Individual differences |
Methods | Statistics | Clinical | Educational | Industrial | Professional items | World psychology |
in Cameroon's South Province
Chimpanzee, often shortened to chimp, is the common name for the two extant species in the genus Pan. The better known chimpanzee is Pan troglodytes, the Common Chimpanzee, living primarily in West, and Central Africa. Its cousin, the Bonobo or "Pygmy Chimpanzee" as it is known archaically, Pan paniscus, is found in the forests of the Democratic Republic of the Congo. The Congo River forms the boundary between the two species.
A full grown adult male chimpanzee can weigh from 35-70 kg (75-155 pounds) and stand 0.9-1.2 m (3-4 ft) tall, while usually females weigh 26-50 kg (57-110 pounds) and stand 0.66-1 m (2-3.5 ft) tall.
Chimpanzees rarely live past the age of 40 in the wild, but have been known to reach the age of 60 in captivity, and Tarzan star Cheeta was still alive in 2006 at the age of 74.
Anatomical differences between Common and Pygmy Chimpanzees are slight, but in sexual and social behaviour there are marked differences. Common Chimpanzees have an omnivorous diet, a troop hunting culture based on beta males led by a relatively weak alpha, and highly complex social relationships; Bonobos, on the other hand, have a mostly herbivorous diet and an egalitarian, matriarchal, sexually receptive behavior. The exposed skin of the face, hands and feet varies from pink to very dark in both species, but is generally lighter in younger individuals, darkening as maturity is reached. Bonobos have longer arms and tend to walk upright more often than the Common Chimpanzee.
Psychological studies with the chimpanzee
Because of their close genetic relationship with man chimpansees have been studied extensively. Darwin's theory of evolution (published in 1859) spurred scientific interest in chimpanzees,leading eventually to numerous studies of the animals in the wild and captivity. The observers of chimpanzees at the time were mainly interested in behaviour as it related to that of humans. This was less strictly and disinterestedly scientific than it might sound, with much attention being focused on whether or not the animals had traits that could be considered 'good'; the intelligence of chimpanzees was often significantly exaggerated. At one point there was even a scheme drawn up to domesticate chimpanzees in order to have them perform various menial tasks (i.e. factory work). By the end of the 1800s chimpanzees remained very much a mystery to humans, with very little factual scientific information available.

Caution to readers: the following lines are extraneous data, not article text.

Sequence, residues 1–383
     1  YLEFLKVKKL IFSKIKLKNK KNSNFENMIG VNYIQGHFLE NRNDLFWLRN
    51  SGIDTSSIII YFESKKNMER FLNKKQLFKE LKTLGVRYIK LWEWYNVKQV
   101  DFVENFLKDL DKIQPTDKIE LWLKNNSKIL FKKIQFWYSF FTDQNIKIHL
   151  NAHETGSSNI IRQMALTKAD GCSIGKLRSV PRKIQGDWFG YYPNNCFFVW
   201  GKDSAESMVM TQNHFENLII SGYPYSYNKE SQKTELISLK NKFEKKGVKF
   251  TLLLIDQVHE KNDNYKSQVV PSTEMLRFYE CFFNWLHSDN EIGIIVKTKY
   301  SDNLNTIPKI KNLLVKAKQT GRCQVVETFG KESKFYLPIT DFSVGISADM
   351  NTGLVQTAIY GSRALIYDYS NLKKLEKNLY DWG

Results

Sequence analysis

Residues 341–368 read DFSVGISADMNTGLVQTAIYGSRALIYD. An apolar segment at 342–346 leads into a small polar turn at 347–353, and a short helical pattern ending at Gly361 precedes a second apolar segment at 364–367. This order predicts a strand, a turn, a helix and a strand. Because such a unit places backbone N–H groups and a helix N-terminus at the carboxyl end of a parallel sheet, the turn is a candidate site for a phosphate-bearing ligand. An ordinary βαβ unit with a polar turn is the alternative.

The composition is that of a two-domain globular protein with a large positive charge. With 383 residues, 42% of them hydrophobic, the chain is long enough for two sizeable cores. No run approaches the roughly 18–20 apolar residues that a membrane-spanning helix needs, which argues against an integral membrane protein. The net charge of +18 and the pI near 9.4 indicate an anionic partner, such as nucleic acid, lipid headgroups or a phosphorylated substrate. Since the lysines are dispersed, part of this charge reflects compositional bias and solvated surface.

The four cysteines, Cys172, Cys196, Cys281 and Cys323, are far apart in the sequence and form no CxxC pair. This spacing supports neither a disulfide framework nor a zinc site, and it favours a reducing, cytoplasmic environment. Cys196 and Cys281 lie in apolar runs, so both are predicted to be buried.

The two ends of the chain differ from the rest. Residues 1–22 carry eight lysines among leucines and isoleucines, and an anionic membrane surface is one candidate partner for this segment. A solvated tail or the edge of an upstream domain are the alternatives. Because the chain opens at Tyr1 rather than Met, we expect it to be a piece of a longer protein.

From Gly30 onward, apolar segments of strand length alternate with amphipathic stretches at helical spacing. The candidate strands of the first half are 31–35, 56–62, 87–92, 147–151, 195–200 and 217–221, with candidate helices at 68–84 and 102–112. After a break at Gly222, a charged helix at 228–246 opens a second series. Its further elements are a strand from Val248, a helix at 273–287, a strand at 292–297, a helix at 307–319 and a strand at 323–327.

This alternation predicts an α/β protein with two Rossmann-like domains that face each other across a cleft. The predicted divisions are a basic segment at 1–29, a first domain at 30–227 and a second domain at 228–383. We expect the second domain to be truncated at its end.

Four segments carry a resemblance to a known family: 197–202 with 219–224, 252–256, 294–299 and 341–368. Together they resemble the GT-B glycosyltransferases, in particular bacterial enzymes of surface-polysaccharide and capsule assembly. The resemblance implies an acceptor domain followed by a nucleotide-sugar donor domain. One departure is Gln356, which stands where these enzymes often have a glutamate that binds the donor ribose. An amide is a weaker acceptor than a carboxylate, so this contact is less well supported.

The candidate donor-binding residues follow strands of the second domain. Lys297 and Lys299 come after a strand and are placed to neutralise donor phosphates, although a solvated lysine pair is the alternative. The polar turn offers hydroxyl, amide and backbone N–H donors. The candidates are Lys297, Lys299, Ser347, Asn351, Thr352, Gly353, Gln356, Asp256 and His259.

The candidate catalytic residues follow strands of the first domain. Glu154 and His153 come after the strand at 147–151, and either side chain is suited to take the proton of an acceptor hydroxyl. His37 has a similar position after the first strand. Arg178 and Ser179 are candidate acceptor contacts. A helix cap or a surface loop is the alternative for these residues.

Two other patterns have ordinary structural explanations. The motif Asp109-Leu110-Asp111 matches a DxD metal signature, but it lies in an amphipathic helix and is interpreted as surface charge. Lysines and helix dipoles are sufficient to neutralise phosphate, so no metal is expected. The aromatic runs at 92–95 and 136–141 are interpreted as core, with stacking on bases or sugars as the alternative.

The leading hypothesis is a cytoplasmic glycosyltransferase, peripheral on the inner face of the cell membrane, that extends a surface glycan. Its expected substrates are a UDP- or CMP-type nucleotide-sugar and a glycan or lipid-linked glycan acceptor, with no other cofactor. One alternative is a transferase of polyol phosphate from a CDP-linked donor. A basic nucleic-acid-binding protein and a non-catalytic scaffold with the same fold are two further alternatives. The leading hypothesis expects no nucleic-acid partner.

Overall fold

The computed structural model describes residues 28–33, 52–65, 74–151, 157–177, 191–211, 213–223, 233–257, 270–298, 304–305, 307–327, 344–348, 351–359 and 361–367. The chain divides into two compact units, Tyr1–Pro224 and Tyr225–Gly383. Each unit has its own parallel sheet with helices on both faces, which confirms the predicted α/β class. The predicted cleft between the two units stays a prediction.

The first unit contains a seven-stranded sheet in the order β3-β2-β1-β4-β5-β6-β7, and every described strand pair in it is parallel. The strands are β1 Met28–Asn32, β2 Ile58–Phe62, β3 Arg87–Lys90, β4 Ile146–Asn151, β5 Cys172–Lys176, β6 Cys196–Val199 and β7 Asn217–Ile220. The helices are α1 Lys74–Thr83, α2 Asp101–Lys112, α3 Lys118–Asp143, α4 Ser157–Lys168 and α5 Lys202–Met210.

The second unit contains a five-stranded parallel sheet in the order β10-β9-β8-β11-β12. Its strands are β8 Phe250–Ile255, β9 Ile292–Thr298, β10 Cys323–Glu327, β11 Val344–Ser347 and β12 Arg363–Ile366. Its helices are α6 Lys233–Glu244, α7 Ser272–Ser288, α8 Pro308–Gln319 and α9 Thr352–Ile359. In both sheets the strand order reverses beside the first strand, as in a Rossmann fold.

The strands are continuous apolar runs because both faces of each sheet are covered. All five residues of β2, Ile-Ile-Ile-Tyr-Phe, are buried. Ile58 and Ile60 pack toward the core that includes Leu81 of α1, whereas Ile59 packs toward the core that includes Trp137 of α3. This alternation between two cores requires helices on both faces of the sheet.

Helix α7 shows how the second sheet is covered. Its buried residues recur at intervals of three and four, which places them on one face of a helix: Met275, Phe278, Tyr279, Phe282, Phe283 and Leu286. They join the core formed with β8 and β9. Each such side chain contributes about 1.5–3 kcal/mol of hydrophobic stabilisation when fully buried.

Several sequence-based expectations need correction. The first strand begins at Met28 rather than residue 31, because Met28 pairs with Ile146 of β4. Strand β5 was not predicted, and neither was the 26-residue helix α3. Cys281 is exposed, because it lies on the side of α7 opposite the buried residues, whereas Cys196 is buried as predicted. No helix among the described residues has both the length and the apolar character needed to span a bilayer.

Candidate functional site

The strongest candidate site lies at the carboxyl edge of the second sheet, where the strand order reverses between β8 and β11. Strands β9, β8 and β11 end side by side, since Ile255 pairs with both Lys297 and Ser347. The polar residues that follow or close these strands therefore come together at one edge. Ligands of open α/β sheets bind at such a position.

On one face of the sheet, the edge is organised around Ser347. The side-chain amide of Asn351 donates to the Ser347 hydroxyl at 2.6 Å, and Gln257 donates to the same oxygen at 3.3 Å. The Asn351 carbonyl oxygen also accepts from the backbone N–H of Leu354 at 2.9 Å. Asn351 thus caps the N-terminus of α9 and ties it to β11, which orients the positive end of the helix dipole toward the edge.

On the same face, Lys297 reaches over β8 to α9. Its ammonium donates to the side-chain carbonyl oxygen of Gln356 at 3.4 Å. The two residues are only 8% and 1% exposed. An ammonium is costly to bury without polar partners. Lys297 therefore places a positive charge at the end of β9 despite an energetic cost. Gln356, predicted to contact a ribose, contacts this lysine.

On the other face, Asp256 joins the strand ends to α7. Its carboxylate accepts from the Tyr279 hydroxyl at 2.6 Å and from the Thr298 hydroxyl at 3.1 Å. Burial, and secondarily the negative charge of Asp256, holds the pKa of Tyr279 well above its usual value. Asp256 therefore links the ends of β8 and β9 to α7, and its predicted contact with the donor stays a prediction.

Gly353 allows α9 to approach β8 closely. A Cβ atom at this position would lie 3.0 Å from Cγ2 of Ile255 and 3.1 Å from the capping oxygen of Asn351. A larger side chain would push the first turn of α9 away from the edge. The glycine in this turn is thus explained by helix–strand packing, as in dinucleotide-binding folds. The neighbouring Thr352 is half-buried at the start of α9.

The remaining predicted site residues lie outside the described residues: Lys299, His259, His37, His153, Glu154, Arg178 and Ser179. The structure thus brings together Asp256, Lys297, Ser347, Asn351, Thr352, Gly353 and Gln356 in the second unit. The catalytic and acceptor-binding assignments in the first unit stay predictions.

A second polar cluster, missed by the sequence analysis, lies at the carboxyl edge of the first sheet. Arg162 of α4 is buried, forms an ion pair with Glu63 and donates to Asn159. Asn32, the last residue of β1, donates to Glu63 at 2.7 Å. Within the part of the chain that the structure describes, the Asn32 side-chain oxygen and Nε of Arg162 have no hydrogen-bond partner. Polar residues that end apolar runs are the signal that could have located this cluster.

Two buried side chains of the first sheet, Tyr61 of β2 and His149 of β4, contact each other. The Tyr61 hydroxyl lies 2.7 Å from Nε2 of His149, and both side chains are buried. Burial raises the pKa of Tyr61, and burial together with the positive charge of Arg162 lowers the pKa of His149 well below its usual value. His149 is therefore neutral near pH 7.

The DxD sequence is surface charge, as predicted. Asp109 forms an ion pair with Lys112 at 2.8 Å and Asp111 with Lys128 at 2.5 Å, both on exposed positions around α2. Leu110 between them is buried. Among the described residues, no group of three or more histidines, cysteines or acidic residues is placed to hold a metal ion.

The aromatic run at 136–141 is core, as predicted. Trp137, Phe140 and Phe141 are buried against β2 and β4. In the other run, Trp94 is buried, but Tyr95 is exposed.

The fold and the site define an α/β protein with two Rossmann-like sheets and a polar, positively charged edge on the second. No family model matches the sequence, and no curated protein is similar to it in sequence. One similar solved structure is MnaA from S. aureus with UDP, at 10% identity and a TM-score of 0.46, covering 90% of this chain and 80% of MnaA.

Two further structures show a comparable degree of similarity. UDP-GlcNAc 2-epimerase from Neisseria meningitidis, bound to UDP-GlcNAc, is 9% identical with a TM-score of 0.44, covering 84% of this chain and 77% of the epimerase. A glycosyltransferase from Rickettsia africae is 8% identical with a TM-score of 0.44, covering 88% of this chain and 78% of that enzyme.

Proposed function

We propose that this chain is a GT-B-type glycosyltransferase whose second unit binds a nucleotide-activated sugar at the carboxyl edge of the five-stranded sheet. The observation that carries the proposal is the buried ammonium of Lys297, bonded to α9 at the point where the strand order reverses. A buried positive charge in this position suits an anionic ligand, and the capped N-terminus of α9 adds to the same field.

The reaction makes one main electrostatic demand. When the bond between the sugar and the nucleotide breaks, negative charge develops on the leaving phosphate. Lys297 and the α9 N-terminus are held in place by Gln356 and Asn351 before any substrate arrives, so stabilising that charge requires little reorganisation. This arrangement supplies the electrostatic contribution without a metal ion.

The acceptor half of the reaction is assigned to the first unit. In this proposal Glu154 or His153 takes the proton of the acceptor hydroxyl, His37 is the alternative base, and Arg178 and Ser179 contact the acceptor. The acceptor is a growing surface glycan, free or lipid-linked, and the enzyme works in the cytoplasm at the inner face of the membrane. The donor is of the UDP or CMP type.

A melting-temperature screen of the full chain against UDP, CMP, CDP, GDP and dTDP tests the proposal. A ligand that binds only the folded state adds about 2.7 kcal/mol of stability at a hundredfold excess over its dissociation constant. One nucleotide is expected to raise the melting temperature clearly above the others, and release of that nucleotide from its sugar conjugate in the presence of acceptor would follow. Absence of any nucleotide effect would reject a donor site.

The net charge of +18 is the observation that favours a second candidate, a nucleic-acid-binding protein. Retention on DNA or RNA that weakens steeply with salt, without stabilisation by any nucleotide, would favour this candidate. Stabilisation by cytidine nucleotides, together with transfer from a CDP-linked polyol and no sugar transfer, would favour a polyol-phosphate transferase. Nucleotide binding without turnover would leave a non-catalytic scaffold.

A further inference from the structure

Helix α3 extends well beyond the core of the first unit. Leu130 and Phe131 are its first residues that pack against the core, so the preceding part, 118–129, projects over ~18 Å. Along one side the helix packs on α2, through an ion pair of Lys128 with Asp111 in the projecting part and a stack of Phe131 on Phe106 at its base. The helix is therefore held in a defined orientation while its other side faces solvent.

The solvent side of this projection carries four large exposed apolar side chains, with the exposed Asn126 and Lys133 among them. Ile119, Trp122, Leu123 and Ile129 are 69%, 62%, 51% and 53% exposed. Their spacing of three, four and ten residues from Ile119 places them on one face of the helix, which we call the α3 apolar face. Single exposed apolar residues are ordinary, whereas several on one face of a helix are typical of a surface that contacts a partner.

The 20th century saw a new age of scientific research into chimpanzee behaviour. Prior to 1960, almost nothing was known about chimpanzee behavior in their natural habitat. In July of that year, Jane Goodall set out to Tanzania's Gombe forest to live among the chimpanzees. Her discovery of chimpanzees making and using tools was groundbreaking, as it had previously been believed that humans were the only species to do so. The most progressive earlier studies on chimpanzees were spearheaded primarily by Wolfgang Köhler and Robert Yerkes, both of whom were renowned psychologists. Both men and their colleagues established laboratory studies of chimpanzees focused specifically on learning about the intellectual, particularly the problem-solving, abilities of chimpanzees. This typically involved basic, practical tests on laboratory chimpanzees, which required a fairly high intellectual capacity (such as how to solve the problem of reaching an out-of-reach banana). Notably, Yerkes also made extensive observations of chimpanzees in the wild which added tremendously to the scientific understanding of chimpanzees and their behaviour. Yerkes studied chimpanzees until World War II, while Köhler concluded five years of study and published his famous Mentality of Apes in 1925 (which is coincidentally when Yerkes began his analyses), eventually concluding that "chimpanzees manifest intelligent behavior of the general kind familiar in human beings ... a type of behaviour which counts as specifically human" (1925).